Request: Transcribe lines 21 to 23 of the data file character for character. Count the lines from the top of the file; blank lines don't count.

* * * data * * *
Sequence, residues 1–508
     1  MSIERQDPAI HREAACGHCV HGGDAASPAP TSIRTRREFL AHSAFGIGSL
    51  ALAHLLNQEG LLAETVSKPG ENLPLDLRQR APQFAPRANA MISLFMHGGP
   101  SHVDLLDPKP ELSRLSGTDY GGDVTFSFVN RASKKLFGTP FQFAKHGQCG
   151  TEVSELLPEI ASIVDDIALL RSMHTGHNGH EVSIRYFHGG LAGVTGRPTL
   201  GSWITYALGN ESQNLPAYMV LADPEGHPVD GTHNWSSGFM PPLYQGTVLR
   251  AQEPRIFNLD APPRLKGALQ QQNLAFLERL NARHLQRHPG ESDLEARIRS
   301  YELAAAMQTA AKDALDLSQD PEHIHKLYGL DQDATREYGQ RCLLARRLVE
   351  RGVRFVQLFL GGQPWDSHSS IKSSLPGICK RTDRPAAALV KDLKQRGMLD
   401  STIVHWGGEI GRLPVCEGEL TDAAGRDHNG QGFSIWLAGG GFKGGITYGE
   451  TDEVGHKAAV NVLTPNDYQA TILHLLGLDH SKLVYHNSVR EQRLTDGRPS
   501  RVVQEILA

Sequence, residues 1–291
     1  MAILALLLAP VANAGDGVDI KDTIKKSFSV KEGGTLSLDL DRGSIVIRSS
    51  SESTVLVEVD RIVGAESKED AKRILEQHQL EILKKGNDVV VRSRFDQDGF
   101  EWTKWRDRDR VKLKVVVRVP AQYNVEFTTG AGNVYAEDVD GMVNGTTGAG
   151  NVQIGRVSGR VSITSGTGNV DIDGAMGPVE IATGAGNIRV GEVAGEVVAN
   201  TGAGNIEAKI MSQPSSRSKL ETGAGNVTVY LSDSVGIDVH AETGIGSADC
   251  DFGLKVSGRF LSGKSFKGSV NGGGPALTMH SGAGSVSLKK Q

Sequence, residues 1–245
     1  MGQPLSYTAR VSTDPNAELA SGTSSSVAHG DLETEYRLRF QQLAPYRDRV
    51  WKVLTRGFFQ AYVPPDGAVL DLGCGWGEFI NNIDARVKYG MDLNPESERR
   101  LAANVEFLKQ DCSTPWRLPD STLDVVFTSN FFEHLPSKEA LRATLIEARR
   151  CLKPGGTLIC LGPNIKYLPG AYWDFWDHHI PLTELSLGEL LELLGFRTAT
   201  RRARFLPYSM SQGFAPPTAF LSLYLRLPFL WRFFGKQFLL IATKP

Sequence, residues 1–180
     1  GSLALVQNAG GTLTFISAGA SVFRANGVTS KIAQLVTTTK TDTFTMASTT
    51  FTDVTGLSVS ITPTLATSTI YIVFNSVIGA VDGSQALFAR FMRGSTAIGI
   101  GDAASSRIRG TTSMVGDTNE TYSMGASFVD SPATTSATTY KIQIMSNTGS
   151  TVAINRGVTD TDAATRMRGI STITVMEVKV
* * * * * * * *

     1  MGQPLSYTAR VSTDPNAELA SGTSSSVAHG DLETEYRLRF QQLAPYRDRV
    51  WKVLTRGFFQ AYVPPDGAVL DLGCGWGEFI NNIDARVKYG MDLNPESERR
   101  LAANVEFLKQ DCSTPWRLPD STLDVVFTSN FFEHLPSKEA LRATLIEARR